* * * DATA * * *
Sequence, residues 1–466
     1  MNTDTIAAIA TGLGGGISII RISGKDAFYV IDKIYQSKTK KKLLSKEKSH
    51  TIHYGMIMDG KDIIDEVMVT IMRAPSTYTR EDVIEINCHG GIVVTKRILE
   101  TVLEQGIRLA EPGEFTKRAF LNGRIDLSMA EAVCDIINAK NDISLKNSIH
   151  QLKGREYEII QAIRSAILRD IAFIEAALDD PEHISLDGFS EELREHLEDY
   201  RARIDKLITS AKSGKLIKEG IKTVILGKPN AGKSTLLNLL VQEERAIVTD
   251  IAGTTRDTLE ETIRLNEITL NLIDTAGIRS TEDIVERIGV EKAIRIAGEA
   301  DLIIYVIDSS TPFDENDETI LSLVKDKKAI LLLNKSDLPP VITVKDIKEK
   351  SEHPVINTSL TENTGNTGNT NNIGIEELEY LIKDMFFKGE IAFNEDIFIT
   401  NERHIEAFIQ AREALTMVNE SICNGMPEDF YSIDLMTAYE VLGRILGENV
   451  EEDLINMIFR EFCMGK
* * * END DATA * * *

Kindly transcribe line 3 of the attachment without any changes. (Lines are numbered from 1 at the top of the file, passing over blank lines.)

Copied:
    51  TIHYGMIMDG KDIIDEVMVT IMRAPSTYTR EDVIEINCHG GIVVTKRILE